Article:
# fuzzy math How I Stopped Verizon From Swallowing My \$100 Rebate

The Verizon computer nearly tricked Joshua out of a \$100 rebate with some mathematical Three-Card Monte, but he made like a human calculator and stood firm, arguing his way into getting the fair price.

By keeping track of the rebates he had coming to him, as well as the adjusted prices of one of his devices after a \$100 credit, he was able to snag two Android phones on the cheap. His story:

Today we picked up two Droids at the Verizon store; we’re longtime customers and I have a \$100 credit for a new phone. The deal is buy a \$300 Droid 2 and get a \$100 mail in rebate and buy any other phone of the same value for free. So we picked a \$300 Droid X (\$200 after its own mail in rebate) as the free phone.

You would think that with this math, that would mean we would be given \$200 in mail-in rebates, get charged \$300 plus taxes (the \$100 “free” Droid X, the \$300 Droid 2 minus the \$100 customer credit), but you’d be wrong. The Verizon system insisted I would be charged \$400 plus taxes. Essentially, the Droid 2 with my \$100 credit would put it below the price of the Droid X, which would then be considered of greater value and hence costing \$200 and not “free”.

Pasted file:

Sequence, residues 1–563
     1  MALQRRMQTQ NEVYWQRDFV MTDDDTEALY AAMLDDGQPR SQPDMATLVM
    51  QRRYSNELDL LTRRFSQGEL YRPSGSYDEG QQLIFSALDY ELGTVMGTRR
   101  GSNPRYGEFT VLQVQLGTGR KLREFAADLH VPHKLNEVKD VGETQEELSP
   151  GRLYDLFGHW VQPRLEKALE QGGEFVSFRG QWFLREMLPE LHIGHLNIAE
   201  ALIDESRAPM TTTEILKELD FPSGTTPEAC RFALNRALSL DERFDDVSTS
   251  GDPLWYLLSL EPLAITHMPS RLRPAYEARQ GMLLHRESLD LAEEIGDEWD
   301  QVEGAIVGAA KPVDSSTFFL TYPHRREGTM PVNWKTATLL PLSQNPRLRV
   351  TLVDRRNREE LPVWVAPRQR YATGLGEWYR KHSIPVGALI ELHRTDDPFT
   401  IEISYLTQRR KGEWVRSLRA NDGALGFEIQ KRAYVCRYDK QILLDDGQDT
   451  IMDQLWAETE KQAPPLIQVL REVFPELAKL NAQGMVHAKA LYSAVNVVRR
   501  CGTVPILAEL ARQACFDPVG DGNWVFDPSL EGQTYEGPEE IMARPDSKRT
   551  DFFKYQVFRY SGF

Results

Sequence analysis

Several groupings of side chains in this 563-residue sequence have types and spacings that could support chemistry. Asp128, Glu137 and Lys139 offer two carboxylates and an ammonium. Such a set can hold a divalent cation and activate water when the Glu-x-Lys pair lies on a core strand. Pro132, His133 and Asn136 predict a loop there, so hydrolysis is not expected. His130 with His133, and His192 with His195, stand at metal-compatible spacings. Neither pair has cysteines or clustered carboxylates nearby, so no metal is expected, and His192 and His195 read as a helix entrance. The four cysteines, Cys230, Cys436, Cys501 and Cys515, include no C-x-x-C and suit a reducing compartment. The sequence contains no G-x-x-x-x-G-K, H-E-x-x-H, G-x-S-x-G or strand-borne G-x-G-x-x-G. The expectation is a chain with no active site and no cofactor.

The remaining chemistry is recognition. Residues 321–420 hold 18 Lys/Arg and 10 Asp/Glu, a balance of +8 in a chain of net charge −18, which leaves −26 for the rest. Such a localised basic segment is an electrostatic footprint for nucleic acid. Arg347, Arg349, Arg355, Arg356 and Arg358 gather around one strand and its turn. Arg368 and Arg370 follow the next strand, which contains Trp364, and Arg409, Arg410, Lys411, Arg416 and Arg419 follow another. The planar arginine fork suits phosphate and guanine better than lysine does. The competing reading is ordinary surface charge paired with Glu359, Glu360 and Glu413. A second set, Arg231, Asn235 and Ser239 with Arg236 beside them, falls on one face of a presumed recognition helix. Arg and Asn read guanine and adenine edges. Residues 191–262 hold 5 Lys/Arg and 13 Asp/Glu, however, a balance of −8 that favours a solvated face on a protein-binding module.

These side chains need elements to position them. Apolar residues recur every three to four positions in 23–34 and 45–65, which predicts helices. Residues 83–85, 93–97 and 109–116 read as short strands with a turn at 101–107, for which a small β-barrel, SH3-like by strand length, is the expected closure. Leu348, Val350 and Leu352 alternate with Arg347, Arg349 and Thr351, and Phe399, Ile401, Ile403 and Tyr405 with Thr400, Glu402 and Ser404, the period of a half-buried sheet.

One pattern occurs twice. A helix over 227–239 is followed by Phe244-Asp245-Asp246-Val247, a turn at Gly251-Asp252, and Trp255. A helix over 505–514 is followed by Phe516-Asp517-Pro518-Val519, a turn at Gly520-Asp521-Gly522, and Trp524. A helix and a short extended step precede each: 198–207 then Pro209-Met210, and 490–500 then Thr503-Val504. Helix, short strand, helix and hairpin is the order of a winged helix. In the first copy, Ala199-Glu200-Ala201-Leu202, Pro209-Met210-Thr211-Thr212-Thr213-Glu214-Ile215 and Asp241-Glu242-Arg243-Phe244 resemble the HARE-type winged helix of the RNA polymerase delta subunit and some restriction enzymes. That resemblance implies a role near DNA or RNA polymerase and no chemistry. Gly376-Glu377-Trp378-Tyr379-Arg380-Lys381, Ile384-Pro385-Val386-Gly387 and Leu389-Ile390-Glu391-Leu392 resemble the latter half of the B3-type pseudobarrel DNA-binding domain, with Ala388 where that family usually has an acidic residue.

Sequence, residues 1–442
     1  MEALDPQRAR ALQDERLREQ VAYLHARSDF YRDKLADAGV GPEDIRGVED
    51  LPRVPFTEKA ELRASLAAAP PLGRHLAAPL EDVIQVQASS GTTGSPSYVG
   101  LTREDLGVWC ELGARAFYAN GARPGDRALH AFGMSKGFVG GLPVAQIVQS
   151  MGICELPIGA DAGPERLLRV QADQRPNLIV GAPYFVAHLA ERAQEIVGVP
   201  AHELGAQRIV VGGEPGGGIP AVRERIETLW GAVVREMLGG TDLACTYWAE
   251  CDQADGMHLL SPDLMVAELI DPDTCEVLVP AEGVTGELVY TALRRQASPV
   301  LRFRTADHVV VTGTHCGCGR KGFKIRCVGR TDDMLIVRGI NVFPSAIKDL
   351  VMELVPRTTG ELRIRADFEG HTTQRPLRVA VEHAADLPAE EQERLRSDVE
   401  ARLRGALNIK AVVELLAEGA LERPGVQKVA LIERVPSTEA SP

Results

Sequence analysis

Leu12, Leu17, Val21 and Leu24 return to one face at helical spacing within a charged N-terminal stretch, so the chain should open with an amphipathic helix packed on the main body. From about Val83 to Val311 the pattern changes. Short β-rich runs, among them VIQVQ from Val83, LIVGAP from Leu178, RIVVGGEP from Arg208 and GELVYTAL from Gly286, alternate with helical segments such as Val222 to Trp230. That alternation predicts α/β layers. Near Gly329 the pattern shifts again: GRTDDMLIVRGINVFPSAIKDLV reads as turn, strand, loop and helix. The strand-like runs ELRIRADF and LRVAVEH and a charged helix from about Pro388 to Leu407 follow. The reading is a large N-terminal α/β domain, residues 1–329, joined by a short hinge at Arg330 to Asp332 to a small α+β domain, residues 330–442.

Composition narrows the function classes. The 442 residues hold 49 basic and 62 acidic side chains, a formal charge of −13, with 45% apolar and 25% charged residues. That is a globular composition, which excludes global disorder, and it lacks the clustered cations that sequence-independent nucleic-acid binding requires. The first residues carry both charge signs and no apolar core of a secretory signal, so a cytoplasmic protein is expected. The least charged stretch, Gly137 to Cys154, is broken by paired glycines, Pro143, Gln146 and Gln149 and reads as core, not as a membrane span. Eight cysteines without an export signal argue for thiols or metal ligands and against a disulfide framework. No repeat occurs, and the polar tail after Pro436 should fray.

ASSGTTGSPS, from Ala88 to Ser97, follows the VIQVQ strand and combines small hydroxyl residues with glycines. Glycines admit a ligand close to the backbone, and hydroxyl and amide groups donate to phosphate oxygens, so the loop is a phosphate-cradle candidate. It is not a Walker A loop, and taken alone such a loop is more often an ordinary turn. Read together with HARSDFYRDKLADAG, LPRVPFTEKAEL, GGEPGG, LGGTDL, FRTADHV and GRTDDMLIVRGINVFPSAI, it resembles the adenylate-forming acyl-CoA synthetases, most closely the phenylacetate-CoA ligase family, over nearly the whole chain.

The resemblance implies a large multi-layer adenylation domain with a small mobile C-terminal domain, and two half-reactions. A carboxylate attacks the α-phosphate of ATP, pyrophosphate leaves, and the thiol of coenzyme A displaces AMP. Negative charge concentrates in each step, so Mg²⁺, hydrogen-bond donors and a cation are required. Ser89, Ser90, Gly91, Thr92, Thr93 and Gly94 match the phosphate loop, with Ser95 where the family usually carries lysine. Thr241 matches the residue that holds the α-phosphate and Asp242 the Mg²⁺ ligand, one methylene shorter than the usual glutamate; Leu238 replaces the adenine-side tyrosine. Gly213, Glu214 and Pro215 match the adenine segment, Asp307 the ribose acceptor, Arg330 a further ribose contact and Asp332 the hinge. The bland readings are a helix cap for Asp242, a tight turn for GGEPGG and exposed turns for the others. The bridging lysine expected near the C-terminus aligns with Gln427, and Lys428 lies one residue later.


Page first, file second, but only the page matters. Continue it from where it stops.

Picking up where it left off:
Basically, my \$100 credit was being consumed and ignored.

I had to explain the correct math to the employee and after five minutes of back-and-forth number juggling he understood it and had to work through the system to fix the problem, but I really think the system should have handled this correctly in the first place.

If you’ve partaken in Verizon’s rebate promotions, did anything like this happen to you?